Page:A cyclopedia of American medical biography vol. 2.djvu/434

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pelled to abandon practice again. He died rather suddenly at the last, on the morning of December 29, 1SS6.

J. A. S.

Trans. Maine Med. Assoc, 18S7.

Small, WUliam Bryant (1862-1904).

This interesting man was born in Lewiston, Maine, the son of Addison and Florence Wyman Small. He was edu- cated at Bates College, graduating in 1885, and studying with Dr. Wedgewood, of Lewiston, at the Medical School of Maine for two years, graduating in medicine at the Belleview Hospital Medical College in 1888.

His examinations were passed so remarkably well that he gained by merit alone the position of attending physician at the Randall's Island Hospital in New York, where he remained more than a year. He soon moved to Lewiston, where he practised until his death.

In the fourteen years of practice, he became a marked man, noted for his keen diagnosis, his excellent surgery, and his interesting contributions to the meetings of the Maine Medical Associa- tion, of which he was one of the leading members. He always had something of interest to say and was a first rate speaker. Forcible, earnest, and argu- mentative, yet free from any pugnacity. Among Dr. Small's medical papers was a very able discussion on "Appendicitis," and another on "Accidents as a Cause of Appendicitis," and a careful paper on "Artificial Feeding." Each paper that Dr. Small contributed to the meetings of the Maine Medical Association seemed a better one than the preceding. He married in September, 1892, Maud Ingalls, who, with a young son, survived him.

He died in 1904 at the time of his greatest influence from a complication of diseases; probably due to too much work and too little recreation. He was said to have died from cardiac exhaustion.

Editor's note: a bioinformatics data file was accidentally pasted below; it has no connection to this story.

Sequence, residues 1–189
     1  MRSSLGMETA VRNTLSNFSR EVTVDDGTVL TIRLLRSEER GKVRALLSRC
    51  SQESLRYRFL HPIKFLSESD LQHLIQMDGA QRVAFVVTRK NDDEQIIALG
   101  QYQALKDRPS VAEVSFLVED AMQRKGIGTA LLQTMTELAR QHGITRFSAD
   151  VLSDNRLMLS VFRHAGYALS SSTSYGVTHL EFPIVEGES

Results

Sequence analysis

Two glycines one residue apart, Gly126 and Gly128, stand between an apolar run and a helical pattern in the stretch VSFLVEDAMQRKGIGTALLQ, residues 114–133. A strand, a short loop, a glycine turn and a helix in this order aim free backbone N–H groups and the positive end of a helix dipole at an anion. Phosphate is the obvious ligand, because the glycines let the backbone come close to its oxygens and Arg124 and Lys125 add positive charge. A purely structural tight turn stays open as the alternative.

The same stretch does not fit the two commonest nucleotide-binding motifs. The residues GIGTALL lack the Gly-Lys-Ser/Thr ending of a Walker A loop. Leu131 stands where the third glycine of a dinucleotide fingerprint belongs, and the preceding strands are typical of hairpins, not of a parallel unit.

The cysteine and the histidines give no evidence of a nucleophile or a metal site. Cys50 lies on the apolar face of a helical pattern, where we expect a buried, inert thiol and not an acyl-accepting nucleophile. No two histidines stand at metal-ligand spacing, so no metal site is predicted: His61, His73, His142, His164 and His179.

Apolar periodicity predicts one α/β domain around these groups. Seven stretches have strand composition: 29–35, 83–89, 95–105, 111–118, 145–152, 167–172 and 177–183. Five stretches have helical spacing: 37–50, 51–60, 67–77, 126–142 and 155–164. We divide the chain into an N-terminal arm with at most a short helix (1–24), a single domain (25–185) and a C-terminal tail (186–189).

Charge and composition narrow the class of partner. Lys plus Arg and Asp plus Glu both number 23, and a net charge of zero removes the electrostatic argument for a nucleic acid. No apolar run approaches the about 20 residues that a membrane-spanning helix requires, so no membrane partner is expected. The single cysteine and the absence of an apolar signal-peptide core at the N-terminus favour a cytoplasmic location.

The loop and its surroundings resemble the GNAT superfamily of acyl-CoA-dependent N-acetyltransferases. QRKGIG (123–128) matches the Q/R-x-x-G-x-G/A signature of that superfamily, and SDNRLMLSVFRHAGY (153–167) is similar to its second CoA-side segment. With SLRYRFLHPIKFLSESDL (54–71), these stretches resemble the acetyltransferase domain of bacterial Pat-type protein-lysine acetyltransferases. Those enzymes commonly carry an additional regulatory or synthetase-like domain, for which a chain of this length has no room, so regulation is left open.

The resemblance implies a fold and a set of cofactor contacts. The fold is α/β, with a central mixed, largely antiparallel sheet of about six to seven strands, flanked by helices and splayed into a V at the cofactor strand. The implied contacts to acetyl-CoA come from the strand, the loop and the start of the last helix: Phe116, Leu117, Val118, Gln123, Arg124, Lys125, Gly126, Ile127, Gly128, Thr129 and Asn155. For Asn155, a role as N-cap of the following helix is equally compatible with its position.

J. A. S.

Trans. Maine Med. Assoc, 1904.

Smart, Charles (1841-1905).

Charles Smart, surgeon, United States Army, graduated in medicine at the University of Aberdeen in 1862, and immediately after came to America and joined the Sixty-third New York Infantry as assistant surgeon, rendering faithful and meritorious service during the Civil AVar. In 1864 he was transferred to the regulars and in 1866 was promoted to the rank of captain, in 1882 to that of major. In 1897 he was made Ueutenant-colonel and deputy-surgeon-general, and in 1901 colonel and assistant surgeon-general.

From 1882 to 1902 Smart was on duty in the office of the surgeon-general at Washington and was one of the co- editors of the well-known "Medical and Surgical History of the War." For several years he was a member of the faculty of the Army Medical School. During the Spanish-American War he did important work inspecting the camps of the American troops. In 1902 he was sent to the Philippines as chief surgeon, but a stroke of apoplexy com- pelled him to return to the United States. He died at St. Augustine, Florida, April

23, 1905.

He wrote the "Handbook for the Hospital Corps of the United States Army and State Military Forces" (1889), a most excellent book, which was in use in the army for many years. " He com- bined with brilHant scientific attain- ments a great capacity for hard work together with an unfaihng loyalty to


A. A.

J. Ass. Mil. Surg., Carlisle, Pa., 1906, xi.K. J. Am. Med. Ass., Chicago, 1905, xliv.

Smith, Albert (1801-1878).

Albert Smith was born in Peter- borough, New Hampshire, June 18, 1801. He fitted for college at Groton, Massa- chusetts Academy. His father was unable to send him to college and he went to work in his cotton mill where he remained five years, and saved enough to put him through his college course, graduating in 1825, and after working